Now here's a good case for learning a simple lesson about Trademark law.
The lesson: Trademark is not automatic.
Copyright is automatic. As soon as you put it down on paper (or other media "fixed" in tangible form) your right begins.
Trademark is a different beast. The first thing to realize is that legal protection does not begin as soon as you create the mark. The second thing to realize is that it doesn't begin with registering the mark either. Registering a trademark is a good idea because should you have a dispute over it, having it registered gives you numerous advantages. However, it has to be a valid mark before you can register it.
So how does a mark become a valid trademark? By using it in trade (or commerce if you prefer).
The basic concept of a trademark is that it identifies your goods to potential customers. Clear examples of trademarks are the swoosh that tells you it's a Nike shoe, or the golden arches that tell you a certain clown is pedaling ground beef and related food items. To register a mark, you must either already be using it for something you are selling, or you must have a sincere intent to use it within a very short period.
That brings us to the case of Blade Runner and Google's phone.
If you haven't seen the movie Blade Runner, based on the book "Do Androids Dream of Electric Sheep" by Philip K . Dick, staring Harrison Ford and Rutger Hauer (with excellent supporting roles by Brion James, Daryl Hannah, William Sanderson and others, and directed by Ridley Scott) then stop reading this blog and go watch it.
waits . . .
Now that you've seen it, you know that the renegade androids are Nexus-6. And Nexus One uses Android software. Hmmmmm. Coincidence?
Most likely yes.
I don't know why Google chose to call it's phone software "android" but given the sci-fi feel of the whole phone industry it's not ridiculous (or even particularly imaginative). Google explains why they called the phone "nexus" since it's supposed to be a nexus between your phone and your computer. One? well it's the first edition.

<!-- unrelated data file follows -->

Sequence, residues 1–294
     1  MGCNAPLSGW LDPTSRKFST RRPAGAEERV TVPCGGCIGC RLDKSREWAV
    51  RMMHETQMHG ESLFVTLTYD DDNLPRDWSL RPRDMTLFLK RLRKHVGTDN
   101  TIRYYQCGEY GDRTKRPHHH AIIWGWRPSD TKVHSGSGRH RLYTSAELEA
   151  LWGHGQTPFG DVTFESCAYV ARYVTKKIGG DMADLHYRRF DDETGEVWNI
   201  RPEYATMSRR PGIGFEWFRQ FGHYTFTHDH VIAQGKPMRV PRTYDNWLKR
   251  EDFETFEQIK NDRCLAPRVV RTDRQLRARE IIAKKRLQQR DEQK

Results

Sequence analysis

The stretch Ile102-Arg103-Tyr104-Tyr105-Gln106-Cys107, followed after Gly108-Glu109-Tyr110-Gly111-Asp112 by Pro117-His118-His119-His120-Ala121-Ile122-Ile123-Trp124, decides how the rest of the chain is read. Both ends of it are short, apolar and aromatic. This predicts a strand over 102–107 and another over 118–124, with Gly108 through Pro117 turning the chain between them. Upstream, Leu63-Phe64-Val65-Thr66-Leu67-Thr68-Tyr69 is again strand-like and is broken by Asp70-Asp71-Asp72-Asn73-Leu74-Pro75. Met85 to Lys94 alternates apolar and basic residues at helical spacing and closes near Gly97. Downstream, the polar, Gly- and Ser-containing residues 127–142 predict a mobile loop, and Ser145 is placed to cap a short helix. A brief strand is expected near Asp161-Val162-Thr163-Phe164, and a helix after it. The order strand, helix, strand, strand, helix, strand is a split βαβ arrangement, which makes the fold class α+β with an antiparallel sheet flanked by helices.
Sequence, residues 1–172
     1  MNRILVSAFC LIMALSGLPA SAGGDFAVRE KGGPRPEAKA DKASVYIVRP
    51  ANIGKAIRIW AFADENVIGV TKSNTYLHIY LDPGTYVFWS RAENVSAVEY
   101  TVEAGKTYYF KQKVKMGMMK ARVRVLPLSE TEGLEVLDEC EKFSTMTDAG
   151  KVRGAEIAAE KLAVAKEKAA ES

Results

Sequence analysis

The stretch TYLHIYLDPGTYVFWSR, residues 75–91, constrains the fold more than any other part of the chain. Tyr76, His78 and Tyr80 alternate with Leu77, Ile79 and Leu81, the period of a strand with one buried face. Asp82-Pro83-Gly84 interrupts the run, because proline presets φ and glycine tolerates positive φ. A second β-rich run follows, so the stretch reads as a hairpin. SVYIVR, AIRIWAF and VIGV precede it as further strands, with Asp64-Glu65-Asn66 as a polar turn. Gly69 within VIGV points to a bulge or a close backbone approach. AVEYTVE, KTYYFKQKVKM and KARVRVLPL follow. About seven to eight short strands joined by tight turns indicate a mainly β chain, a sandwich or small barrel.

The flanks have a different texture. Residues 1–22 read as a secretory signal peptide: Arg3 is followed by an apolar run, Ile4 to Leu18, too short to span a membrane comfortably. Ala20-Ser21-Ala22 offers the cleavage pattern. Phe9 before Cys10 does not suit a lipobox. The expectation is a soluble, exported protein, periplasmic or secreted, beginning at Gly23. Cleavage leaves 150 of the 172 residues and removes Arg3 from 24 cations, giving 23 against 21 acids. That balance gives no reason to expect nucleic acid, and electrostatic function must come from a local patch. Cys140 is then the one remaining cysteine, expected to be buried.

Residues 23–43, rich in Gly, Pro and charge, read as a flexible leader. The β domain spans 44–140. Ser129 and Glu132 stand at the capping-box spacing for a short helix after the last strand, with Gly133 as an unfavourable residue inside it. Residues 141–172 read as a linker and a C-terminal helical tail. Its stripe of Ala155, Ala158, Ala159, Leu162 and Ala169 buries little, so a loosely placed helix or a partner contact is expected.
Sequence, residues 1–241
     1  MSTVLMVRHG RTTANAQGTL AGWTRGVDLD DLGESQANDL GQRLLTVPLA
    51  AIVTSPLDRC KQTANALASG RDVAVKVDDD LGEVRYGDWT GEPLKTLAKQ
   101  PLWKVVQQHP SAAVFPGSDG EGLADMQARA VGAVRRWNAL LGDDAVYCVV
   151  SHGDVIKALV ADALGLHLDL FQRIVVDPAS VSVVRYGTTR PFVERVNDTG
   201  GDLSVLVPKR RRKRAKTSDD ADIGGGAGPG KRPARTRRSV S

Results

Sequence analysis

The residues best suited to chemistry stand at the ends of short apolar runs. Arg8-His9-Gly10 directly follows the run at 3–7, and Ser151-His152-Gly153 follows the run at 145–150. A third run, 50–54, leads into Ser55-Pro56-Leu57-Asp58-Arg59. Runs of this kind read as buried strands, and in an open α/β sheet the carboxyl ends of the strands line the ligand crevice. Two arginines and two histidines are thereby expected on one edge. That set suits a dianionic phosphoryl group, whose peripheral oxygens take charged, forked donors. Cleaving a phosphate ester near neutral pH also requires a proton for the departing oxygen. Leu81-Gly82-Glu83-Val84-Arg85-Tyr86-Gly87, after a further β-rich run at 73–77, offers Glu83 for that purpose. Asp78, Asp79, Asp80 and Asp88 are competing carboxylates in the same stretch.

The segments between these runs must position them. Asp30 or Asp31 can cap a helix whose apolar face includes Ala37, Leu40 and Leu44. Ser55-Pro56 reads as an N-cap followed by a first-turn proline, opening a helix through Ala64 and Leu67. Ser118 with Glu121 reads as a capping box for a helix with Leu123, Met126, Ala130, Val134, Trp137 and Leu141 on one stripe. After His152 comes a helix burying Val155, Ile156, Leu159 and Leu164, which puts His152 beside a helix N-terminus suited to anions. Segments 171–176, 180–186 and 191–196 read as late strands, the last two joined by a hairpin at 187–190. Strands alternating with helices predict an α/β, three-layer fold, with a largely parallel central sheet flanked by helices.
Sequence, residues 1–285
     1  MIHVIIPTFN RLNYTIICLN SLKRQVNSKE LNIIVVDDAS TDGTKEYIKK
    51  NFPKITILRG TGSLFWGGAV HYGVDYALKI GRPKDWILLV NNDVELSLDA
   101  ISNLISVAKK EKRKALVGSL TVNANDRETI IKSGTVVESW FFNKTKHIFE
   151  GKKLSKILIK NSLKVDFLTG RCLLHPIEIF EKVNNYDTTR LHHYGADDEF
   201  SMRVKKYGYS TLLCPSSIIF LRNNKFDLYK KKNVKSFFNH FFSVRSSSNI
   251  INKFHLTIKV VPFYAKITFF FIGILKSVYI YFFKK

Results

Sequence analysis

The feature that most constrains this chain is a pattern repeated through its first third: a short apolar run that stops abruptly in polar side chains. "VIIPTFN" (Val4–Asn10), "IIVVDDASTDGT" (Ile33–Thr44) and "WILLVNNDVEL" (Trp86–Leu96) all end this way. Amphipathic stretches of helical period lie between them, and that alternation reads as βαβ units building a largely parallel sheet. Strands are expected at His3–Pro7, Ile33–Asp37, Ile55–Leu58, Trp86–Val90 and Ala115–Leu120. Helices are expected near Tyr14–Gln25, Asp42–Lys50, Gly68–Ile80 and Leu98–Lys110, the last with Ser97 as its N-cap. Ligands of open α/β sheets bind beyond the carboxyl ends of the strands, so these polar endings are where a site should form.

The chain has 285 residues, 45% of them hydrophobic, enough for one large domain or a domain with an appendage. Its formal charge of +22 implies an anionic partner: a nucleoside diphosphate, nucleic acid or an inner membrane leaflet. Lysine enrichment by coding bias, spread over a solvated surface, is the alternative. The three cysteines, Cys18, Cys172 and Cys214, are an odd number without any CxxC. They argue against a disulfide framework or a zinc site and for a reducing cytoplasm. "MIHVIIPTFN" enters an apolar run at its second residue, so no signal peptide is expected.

Android literally means "of the species of man" or "man-like". Its use goes back at least as far as the 13th century German theologian Albertus Magnus. In a popular 19th century French novel called "The Future Eve" or "L'Ève future", a character based on Thomas Edison invents an artificial woman to replace his best friend's fiancee.
The term "android" to depict a replica human is pretty clearly not a protectable use. A quick search of the USPTO shows 63 registrations of "android" - only 19 are live registrations that actually include the word android in the mark.
Google is one of them, but that doesn't mean they have a protected mark. A live registration is simply one that has not been denied or abandoned. That doesn't mean it's been approved.
Google's application is being stayed pending the outcome of a law suit in Illinois.
The Android’s Dungeon Incorporated sued Google for trademark infringement:
Specht, et al. v. Google Inc.
So now Google is facing another problem with trademarks, with threats coming regarding "Nexus One."
They don't have much to worry about though. As I explained, you have to use a mark to identify a product in order to get protection. "Nexus-6" is certainly similar to "Nexus One" but there's nothing to indicate Nexus-6 was ever used to mark a product. Not in this world anyway. In the fictional world within the novel it is actually the trademark name of the androids. But the law operates in this world. If Google had called their phone the "electric sheep" there might be a case, since that's a clear lifting from the title of the novel, and the title certainly identifies the product (the book) to buyers. But even if Google had intentionally lifted a term out of the text of the novel (provided it wasn't a copyright violation) they still would likely prevail in a trademark case.
In the end this is probably a non-story, but it does illustrate the concept that use does not provide trademark protection, only use in commerce does.